Davina McCall has been criticised by UK media watchdog Ofcom for using the word "retard" on spin-off show Celebrity Big Brother's Big Mouth.
The incident occurred in January, on the same night as the finale of the last ever series of Celebrity Big Brother.
Evicted housemate Vinnie Jones first used the word when he talked about McCall entering the house in a chicken outfit.
Asked how he knew that the person in the disguise was McCall and not Nicola Tappenden, he demonstrated walking with difficulty and told Celebrity Big Brother's Big Mouth: "She was walking like a retard, she was walking like this and our Nicky walks lovely."
McCall responded: "I do not walk like a retard."
Ofcom received eight complaints about the ex-footballer's comment, with seven viewers also offended by McCall's response.
Some said the Big Brother presenter had appeared to enjoy the 'joke' and did not reprimand the movie hardman on the E4 show.
Ofcom originally did not uphold the complaints and received letters of protest about its decision.
Later, it decided to hold a review by referring the case to its Broadcasting Review Committee.
Today it stated: "It was the Committee's view that his (Jones's) use of the word 'retard' was capable of being understood not as merely a passing reference directed towards Ms McCall but also as ridiculing those with a physical or learning difficulty, emphasised by his attempt at imitation.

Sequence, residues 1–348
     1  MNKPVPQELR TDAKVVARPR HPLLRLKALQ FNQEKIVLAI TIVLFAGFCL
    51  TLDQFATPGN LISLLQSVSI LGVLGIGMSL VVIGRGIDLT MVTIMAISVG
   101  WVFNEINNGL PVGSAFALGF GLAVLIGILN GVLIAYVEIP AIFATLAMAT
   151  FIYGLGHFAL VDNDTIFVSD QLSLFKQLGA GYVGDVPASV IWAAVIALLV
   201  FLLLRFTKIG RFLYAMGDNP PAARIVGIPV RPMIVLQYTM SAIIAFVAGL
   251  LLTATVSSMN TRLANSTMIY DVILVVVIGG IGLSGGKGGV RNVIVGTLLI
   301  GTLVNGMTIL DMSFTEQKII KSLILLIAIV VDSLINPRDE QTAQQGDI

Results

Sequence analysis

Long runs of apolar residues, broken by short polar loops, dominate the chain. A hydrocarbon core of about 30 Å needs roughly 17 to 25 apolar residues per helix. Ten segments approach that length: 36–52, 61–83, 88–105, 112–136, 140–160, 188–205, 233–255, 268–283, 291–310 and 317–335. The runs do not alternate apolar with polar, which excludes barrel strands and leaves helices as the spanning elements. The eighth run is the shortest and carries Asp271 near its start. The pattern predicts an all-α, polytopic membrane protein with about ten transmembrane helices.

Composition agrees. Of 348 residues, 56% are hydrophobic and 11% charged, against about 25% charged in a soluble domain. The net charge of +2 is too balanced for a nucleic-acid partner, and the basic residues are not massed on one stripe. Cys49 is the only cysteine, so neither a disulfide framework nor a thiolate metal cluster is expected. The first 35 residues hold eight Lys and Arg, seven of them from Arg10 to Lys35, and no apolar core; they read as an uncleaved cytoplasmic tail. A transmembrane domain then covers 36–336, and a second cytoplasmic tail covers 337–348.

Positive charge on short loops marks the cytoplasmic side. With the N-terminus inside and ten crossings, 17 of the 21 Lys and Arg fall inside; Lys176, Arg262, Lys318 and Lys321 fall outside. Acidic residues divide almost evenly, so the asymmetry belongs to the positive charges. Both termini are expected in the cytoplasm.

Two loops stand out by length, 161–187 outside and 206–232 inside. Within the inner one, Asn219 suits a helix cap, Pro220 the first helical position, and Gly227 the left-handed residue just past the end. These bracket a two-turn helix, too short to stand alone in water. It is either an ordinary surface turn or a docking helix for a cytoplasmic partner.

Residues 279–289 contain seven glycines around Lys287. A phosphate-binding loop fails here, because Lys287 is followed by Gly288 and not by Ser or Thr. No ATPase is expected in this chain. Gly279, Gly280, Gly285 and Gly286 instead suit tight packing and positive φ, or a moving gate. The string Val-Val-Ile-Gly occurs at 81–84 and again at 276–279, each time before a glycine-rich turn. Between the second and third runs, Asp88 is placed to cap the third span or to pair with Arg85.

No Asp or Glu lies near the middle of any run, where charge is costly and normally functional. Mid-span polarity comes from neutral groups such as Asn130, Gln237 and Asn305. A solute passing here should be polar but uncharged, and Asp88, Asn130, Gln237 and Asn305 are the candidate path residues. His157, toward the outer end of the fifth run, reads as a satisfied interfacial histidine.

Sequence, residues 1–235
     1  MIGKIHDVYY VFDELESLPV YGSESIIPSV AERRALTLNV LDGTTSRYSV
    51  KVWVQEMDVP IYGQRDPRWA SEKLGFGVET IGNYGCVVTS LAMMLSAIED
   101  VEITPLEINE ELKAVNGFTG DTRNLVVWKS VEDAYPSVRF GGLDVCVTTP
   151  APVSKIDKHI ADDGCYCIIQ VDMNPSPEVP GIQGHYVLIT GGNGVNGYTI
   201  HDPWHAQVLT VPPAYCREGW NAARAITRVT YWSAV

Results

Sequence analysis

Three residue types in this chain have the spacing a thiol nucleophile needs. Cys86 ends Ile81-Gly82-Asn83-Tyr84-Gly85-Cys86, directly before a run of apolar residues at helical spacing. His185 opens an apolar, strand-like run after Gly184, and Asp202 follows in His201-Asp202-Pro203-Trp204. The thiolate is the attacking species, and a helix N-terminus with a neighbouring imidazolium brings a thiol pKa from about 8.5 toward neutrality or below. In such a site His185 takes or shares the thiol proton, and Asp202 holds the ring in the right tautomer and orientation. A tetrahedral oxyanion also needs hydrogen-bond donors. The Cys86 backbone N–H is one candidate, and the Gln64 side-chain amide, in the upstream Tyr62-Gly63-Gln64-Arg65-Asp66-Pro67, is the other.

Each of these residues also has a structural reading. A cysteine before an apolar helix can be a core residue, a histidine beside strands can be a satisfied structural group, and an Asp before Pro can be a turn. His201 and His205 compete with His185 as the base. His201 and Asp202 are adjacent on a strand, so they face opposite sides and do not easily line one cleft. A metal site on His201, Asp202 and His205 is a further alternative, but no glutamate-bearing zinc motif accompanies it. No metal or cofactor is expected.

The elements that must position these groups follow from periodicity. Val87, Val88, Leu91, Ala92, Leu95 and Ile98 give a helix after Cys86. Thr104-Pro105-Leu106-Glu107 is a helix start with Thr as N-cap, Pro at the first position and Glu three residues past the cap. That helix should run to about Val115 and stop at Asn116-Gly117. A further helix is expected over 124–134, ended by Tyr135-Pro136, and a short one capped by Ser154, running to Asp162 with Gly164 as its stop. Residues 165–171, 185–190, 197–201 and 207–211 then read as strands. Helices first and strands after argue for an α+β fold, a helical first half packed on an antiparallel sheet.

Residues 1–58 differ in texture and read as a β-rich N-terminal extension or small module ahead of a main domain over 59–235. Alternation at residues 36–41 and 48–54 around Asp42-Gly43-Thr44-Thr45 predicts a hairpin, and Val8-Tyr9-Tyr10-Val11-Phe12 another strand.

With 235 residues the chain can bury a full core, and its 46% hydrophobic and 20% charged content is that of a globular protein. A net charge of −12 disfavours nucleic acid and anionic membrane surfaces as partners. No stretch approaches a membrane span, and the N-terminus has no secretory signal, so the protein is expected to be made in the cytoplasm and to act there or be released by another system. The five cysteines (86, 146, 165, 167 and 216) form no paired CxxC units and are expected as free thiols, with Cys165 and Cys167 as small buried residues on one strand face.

"The Committee was particularly concerned that not only was Mr Jones's comment not corrected but that it was repeated by the presenter, Ms McCall, without any apparent recognition of its potential to cause offence.
"The Committee, while acknowledging this was a live show, considered that in this instance the action of Ms McCall had the potential to heighten the offence to viewers."
The Committee said it was "concerned" that the programme-makers took no action during the programme to seek to mitigate any offence caused.
That "failure suggested a lack of understanding during the live broadcast of how offensive the comments had been", it said.
"In the circumstance of this particular case, there was insufficient context to justify the offence that was likely to be caused by the comments made during the programme. Therefore the broadcast breached generally accepted standards."
Channel 4 said the comments had been allowed to go unchecked "in the heat of the moment during a live programme" at the end of a final eviction day.
Learning disability charity Mencap welcomed today's ruling, saying over 750 of its supporters wrote in protest to Ofcom after it originally did not uphold the complaints.
It's chief executive Mark Goldring said: "We are delighted that that Ofcom has changed its mind on this matter.
"The groundswell of protest and emotion caused by Channel 4's broadcasting of this insulting word has demonstrated just how offensive and degrading a term it is.
"Ofcom has done the right thing in taking this opportunity to set a standard and make Channel 4 take responsibility for its mistake."
© Press Association